Light played a significant role in the design of the new student residence at Carleton University. Using visual analysis tools like Cove.tool and Ladybug, we analyzed sunlight hours and used the data collected to shape the building’s primary communal spaces—the Courtyard and Arcade—in a way that optimizes natural light contributing to a more vibrant social living environment.
In conceiving the new student residence, the client group at Carleton identified the need to include a courtyard that maximizes sunlight during active hours and offers a space where residents and the greater student population can gather, whether it be for study or leisure. In response, the design team proposed a building mass that is open to the south, forming a U-shaped plan. However, the client also had aspirations to create continuously looped corridors on each floor to foster a sense of community. The ideal solution for achieving this objective would be to follow a ring scheme, but that would result in a much more enclosed courtyard.
The design team turned to Ladybug – a sunlight analysis plug-in for Grasshopper – to evaluate the average amount of sunlight hitting the surfaces of the courtyard during active daylight hours throughout the year. Unsurprisingly, the U-shaped scheme and the ring scheme had contradictory results with the former option offering considerably more light into the courtyard than the ring-shaped massing.
The team then wondered: is there a way to reconcile the two objectives and create a design option that maintains some of the looped corridors while providing significant sunlight in the courtyard?
Through all the explorations we conducted, the visual analysis and interactive metrics of Ladybug, which included radiation studies, sunpath graphics and modelling of daylight hours, confidently led us toward a hybrid option.
The resulting design maintains continuous corridors on four of the eight residence floors, with several of the upper levels articulated by a U-shaped configuration. This massing sees the south elevation scaled down, subsequently increasing solar access to the courtyard and admitting substantial levels of sunlight into the space. The outcome is a more unique architectural form that not only augments the courtyard’s exposure to sunlight, but creates terraces, increasing opportunities to access the outdoors at upper levels.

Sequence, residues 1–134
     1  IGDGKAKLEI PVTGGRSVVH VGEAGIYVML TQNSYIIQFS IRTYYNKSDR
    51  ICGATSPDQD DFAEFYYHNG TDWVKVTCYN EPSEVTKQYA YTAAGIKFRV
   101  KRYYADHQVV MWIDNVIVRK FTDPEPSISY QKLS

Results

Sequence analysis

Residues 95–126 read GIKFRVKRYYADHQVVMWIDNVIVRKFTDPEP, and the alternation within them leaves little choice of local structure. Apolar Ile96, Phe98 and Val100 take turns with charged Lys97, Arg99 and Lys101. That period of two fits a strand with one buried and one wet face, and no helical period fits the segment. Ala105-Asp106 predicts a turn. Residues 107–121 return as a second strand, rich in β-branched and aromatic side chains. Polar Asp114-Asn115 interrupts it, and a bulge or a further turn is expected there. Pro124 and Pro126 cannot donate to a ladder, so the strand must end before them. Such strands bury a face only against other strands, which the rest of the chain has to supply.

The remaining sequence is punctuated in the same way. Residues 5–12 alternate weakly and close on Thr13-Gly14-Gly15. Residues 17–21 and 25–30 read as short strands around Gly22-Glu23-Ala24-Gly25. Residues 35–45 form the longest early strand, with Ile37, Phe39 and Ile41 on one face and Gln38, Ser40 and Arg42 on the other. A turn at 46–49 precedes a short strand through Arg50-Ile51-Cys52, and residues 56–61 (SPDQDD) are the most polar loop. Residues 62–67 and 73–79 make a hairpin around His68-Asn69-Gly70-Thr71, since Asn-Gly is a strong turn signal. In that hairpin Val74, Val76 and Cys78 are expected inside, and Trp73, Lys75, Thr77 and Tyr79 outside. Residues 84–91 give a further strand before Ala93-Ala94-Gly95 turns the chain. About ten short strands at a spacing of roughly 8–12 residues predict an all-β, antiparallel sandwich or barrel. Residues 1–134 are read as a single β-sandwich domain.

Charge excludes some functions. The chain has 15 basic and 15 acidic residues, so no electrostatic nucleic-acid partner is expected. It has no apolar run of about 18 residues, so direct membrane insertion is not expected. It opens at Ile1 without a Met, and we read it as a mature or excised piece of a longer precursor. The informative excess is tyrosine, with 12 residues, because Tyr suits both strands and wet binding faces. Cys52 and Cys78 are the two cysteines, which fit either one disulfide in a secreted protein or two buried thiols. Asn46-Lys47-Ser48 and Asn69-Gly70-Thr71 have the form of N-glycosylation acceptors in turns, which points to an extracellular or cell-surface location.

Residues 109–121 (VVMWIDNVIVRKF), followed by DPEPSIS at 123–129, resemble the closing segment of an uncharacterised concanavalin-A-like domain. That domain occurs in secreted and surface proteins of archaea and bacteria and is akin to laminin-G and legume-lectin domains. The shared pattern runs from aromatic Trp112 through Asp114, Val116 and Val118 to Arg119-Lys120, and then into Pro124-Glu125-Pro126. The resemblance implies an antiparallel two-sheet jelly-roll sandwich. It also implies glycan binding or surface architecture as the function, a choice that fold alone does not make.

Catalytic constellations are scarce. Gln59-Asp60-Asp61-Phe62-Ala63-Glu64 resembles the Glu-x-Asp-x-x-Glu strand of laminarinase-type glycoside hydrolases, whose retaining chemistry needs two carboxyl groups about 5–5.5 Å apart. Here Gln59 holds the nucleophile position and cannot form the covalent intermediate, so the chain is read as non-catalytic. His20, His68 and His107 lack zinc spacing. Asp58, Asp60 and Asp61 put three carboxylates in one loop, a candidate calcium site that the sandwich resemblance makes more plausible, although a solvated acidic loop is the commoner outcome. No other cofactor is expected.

At ground level the new residence is open for all campus students. The student experience is defined by a central Arcade that acts as a hub surrounded by student amenities such as a communal kitchen, fitness centre, maker space, gym, games room, theatre, study spaces, laundry facility, and contemplation room. This glazed galleria establishes a strong pedestrian passage through the residence from east to west, not only allowing light into the interior, but also drawing passersby into the building—acting as a link between the public and student life.
Due to the location of existing roads and pathways bordering the site perimeter of the new residence, the shape of the ground floor resulted in a deep polygonal footprint. The design team employed Cove.tool to evaluate the amount of sunlight reaching interior spaces and determine how to optimize natural light within the Arcade. The data collected from the digital model helped the team communicate to the client group the need for sunlight deep in the floor plate.
As a result of the close collaboration with the construction manager and the client, the team realized the dual potential in the slab opening created for the crane tower located at the centre of the Arcade – where natural light is most lacking. Instead of filling the opening with concrete after the crane is dismantled, the team decided to make a virtue of that necessity. The slab opening at the centre of the courtyard floorplate presented the opportunity, with one intervention, to create both a skylight for the Arcade at grade and a crystalline focal point for the courtyard above.
Consequently the Arcade ceiling was then shaped from a flat surface to four angled surfaces which collectively act as a light funnel. The added height created by the tilted planes also gives a sense of levity and spaciousness. With the aid of these tools, a more dynamic and identifiable ceiling space is expressed, emphasized by the amount natural light now cascading into the Arcade.
The design of the new student residence at Carleton demonstrates how plug-ins like Ladybug and Cove-tool can be used to make more considered design decisions. Using visual analysis tools, not only can the metrics and data be easily understood to inform the team’s design decisions, but communication with clients and collaborators is simplified. The modelling provided has allowed us to develop a scheme that not only effectively responds to the client’s specific spatial ambitions, but also enhances the overall well-being of its student population through thoughtful and efficient design.